Fan-tailed Warbler

Fan-tailed Warbler

Wednesday, January 8, 2014

Bringing in the New Year

Bringing in the New Year for me is a day to go birding to see what I can find to start off the year on the right foot.  This year, birding friend Jason Morgan and I headed off to some spots along the Lower Salt River near Mesa.  Finding and photographing Bald Eagles was kind of our objective, but we also knew that it is never a sure thing.  We did manage to see one adult fly over at the Granite Reef area early in the morning and later on a return stop, we also saw a fly by of an immature Bald Eagle as well.  Guess photos on this day were not going to happen.  Our first stop though at Granite Reef was rather special in the fact that we found 2 Mountain Chickadees in the pre-dawn darkness.  We actually heard them before we saw them.  This is the same place that I discovered 2 of these charmers back in October.  Were they the same 2 or a different 2?  Guess we will never know, but this is a bird that is not usually found in such low elevations, but apparently this must be a bit of a minor irruption year for this species as a few more have been found in other low elevations in Arizona.  At our next stop which was Phon D Sutton, with very little protection from the cold north wind, we did not linger, but continued up to Coon Bluff which is always a favorite for birding.  Finally the sun had rose up over the eastern low mountains allowing for some better chances for photos and the temps started improving.  On the road to the campground we had to pull over to check out the birds and a small flock of Western Bluebirds were forging on some berries and really gave us some great looks and some of the males were stunningly colorful. 
 
 Western Bluebird
 
Western Bluebird
 
Finally making our way to the campground we were greeted by a pair of Ladder-backed Woodpeckers.  This is a fairly common bird at this location and can often be heard by the 'peek' call which will assist in leading a person to locating them.
 
 Ladder-backed Woodpecker - Female
 
Ladder-backed Woodpecker - Male
 
And a male Vermilion Flycatcher made a brief appearance for us. 
 
Vermilion Flycatcher
 
Across the river we observed a Green Heron flying along the shore line and it landed then took off scampering along the water's edge, which we assumed it was chasing a fish in the water just out of reach.  This bird can get quite excited and when it does it will raise its crest and that is just what it was doing.  Considering the distance from us, I made an attempt at a few photos and now I have an idea of what a green Mohawk might look like if someone chose to get one from their local barber.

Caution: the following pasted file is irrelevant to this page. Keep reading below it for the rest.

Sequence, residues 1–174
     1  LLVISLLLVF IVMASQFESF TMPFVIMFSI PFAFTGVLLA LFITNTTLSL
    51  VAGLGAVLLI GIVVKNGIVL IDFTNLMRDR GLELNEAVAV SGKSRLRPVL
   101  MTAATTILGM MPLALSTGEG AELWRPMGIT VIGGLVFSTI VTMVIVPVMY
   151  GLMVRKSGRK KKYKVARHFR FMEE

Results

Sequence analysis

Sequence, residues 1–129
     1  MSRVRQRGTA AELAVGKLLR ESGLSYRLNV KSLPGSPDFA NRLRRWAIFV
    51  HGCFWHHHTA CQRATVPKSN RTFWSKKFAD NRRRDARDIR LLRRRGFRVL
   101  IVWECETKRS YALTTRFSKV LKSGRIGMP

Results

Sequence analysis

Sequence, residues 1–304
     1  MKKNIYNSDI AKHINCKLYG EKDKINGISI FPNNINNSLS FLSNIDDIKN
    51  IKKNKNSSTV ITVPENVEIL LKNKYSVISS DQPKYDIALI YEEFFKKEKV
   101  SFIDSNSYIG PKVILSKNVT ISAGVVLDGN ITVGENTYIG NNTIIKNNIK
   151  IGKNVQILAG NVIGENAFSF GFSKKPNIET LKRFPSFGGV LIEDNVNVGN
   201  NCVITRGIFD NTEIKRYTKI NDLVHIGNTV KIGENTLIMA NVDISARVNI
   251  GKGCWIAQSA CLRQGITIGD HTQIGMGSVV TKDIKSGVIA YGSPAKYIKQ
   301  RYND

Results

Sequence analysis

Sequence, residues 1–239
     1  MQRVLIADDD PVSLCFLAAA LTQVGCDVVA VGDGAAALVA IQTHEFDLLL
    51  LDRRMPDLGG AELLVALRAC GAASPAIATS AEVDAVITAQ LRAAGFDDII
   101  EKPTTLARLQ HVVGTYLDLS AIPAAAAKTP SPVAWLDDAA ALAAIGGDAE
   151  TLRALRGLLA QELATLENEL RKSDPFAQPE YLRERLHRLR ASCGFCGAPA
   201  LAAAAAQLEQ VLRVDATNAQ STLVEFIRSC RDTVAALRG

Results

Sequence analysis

Green Heron
 
A couple of other birds that were not in short supply were the Ruddy Ducks and the Yellow-rumped Warblers.  We get both of these species in the winter time when they are at their least colorful time of the year.  But still worthy of photos all the same.
 
 Ruddy Duck
 
(Audubon's) Yellow-rumped Warbler
 
Finally we had to call is quits due to some previous commitments and we returned to our meeting place and Jason headed for home while I had one more stop to make in Scottsdale.  An odd trio of birds had been found in some Cottonwood trees by an urban lake that is full of bikers, walkers, and runners to name a few.  Reported a few days earlier by another excellent birder, Magill Weber, and re-confirmed by a couple more people I just had to make an effort to see if I could locate this Odd Trio.  The trio consisted of a Brown Creeper (fairly common in Arizona), a Northern Parula, and an American Redstart.  The later 2 species are very uncommon in the winter as migrants. I concentrated on the Cottonwood trees and it was not long that another couple of birders told me that they found the Brown Creeper, so I joined them at that tree and within 2 minutes I was able to locate the other 2 flitting around in the very same tree.  If one moves to a new tree, it appears the other two follow.  Guess there is safety in numbers for them.  While they did not present great photo opportunities, I managed to get identifiable photos and since the American Redstart was a new life bird for me, that is the one I was concentrating on most of all.  
 
 American Redstart
 
American Redstart
 
 Brown Creeper
 
Northern Parula
 
A new life bird on the first day of a new year?  Could not have asked for a better start.
 
 
 
 
 
 
    

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